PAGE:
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Male lyrebirds snare mates with ‘acoustic illusion’

Researchers discover that Australia’s superb lyrebird males imitate the panicked alarm calls of a mixed-species flock of birds while they are courting and even while mating with a female.

Wildlife regulation, ‘one health’ keys to avert more pandemics

Future pandemics can be averted if the world’s governments eliminate unnecessary wildlife trade and adopt holistic approaches, according to experts at a Feb. 23 virtual conference.

USDA grant seeks to enhance milk production and cow health

An animal scientist studying relationships between insulin and milk production in dairy cows has received a three-year, $500,000 grant from the U.S. Department of Agriculture National Institute of Food and Agriculture.

Students’ vaccine videos go viral

Doctoral students Rob Swanda and Juliana González-Tobón have taken the internet by storm with their videos that take some of the mystery out of the COVID-19 vaccines.

‘Jumping genes’ repeatedly form new genes over evolution

New research from the lab of Cedric Feschotte in CALS investigates how genetic elements called transposons, or “jumping genes,” are added into the mix during evolution to assemble new genes.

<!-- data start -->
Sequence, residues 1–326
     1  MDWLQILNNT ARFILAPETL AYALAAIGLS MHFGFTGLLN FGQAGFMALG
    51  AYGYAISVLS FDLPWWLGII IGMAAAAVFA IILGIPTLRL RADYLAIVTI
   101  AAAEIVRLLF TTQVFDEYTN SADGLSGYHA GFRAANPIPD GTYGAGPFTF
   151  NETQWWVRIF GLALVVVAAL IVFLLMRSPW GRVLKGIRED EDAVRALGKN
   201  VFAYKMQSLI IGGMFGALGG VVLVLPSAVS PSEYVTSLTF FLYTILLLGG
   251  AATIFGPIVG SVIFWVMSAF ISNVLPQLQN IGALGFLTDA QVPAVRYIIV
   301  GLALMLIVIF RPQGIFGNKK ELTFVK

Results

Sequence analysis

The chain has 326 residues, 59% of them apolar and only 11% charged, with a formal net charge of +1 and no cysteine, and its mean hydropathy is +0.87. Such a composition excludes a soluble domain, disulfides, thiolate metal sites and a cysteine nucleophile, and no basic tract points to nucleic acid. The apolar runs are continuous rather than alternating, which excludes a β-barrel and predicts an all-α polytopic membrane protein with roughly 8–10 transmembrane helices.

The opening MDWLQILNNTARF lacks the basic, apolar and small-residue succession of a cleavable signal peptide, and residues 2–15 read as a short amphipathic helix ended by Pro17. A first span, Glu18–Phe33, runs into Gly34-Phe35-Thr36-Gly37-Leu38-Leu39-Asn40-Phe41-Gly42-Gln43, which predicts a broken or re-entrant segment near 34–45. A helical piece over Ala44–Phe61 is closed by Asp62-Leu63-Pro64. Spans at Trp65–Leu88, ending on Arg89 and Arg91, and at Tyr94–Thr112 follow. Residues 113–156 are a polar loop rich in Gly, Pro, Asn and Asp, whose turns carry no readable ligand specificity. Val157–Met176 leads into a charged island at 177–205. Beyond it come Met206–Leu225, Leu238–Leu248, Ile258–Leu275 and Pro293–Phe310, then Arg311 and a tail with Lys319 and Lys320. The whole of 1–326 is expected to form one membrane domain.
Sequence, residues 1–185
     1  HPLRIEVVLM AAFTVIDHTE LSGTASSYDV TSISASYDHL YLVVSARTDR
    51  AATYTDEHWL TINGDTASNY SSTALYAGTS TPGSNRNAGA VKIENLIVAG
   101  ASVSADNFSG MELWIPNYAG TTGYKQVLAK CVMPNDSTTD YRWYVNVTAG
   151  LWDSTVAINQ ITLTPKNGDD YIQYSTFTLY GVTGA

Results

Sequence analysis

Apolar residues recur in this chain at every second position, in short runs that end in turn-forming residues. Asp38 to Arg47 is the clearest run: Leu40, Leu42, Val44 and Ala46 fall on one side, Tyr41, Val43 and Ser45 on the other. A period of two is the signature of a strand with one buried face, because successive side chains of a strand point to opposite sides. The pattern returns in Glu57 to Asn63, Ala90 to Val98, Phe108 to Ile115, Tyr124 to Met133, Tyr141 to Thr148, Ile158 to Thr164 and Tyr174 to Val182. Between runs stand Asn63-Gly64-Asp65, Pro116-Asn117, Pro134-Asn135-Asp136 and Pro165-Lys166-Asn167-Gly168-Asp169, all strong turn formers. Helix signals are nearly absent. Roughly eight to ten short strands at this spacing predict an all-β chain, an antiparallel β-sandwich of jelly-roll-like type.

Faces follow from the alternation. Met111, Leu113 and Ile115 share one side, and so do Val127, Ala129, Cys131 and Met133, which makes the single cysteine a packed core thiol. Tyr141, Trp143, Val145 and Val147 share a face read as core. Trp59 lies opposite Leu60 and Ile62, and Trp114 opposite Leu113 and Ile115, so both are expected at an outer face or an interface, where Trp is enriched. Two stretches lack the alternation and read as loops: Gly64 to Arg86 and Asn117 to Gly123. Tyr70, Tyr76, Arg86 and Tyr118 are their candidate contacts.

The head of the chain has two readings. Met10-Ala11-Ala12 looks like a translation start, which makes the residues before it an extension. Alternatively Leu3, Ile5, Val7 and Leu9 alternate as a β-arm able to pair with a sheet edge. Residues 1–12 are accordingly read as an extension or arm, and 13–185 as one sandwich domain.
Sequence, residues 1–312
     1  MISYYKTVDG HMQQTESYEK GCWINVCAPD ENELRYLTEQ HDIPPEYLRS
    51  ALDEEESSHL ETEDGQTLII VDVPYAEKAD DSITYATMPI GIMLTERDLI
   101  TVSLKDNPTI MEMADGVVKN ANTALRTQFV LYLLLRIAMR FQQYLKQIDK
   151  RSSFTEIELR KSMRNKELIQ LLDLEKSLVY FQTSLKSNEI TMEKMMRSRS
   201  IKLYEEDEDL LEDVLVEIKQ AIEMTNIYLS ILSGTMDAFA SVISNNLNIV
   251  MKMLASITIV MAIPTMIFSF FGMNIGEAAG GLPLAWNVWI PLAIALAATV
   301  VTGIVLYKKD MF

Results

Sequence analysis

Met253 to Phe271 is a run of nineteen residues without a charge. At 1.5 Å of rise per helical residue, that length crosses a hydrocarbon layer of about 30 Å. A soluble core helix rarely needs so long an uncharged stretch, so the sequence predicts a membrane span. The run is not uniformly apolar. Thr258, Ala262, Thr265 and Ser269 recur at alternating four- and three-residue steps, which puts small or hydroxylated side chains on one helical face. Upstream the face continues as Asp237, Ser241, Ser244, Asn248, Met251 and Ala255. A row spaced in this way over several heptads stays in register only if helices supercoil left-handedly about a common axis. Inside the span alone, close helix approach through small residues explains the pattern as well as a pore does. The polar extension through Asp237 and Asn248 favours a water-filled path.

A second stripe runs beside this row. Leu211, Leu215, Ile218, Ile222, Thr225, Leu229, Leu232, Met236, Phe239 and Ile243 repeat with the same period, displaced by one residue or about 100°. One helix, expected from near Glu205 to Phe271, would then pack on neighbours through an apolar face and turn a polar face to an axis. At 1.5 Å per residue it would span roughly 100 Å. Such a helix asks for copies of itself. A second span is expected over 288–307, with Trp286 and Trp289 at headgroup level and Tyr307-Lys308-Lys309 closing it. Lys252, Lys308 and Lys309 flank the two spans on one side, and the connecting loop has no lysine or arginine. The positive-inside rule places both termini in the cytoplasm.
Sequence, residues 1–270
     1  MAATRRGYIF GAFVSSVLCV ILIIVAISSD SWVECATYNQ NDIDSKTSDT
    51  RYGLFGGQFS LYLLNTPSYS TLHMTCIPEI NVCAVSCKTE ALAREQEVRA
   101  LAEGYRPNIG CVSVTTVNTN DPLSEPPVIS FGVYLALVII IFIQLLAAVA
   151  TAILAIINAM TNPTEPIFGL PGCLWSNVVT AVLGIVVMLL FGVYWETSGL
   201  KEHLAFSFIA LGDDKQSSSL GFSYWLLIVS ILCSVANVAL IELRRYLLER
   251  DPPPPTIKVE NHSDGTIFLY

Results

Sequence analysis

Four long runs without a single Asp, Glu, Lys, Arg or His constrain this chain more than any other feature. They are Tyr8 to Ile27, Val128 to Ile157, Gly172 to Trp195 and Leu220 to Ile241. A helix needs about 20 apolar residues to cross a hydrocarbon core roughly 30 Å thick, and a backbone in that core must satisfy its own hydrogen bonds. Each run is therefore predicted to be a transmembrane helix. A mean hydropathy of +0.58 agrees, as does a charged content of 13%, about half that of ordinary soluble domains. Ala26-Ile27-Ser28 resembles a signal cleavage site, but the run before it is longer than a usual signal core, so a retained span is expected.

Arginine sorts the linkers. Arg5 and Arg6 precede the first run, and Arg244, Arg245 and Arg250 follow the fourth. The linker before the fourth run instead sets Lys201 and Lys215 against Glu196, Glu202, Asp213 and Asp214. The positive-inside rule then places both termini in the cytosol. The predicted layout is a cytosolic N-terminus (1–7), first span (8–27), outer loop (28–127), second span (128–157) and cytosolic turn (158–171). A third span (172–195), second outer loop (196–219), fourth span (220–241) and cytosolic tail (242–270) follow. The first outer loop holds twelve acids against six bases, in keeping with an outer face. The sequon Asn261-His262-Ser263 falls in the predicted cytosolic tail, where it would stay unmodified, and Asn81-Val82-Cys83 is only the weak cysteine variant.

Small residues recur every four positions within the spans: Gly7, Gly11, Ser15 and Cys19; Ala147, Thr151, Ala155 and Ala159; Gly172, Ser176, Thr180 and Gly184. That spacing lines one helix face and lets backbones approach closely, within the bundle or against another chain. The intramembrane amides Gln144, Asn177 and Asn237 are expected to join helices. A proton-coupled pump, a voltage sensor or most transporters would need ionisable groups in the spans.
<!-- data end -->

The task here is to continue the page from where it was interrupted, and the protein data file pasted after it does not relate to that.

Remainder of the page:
Study finds ‘Achilles’ heel’ of Crohn’s-linked bacteria

The discovery of an “Achilles’ heel” in a type of gut bacteria that causes intestinal inflammation in patients with Crohn’s disease may lead to more targeted therapies for the difficult-to-treat disease, researchers have found.

Study finds even the common House Sparrow is declining

Those familiar parking lot, french-fry birds are not doing so well. A new study from the Cornell Lab of Ornithology finds even the ubiquitous House Sparrow is declining.

Around Cornell

CRISPR improves method for studying gene functions

A new paper describes a technique that uses CRISPR gene editing technology to study gene functions and development.

Starling success traced to rapid adaptation

A new study examines what happened at the genetic level as the nonnative starling population exploded from just 80 birds in 1890, to a peak of 200 million breeding adults in North America.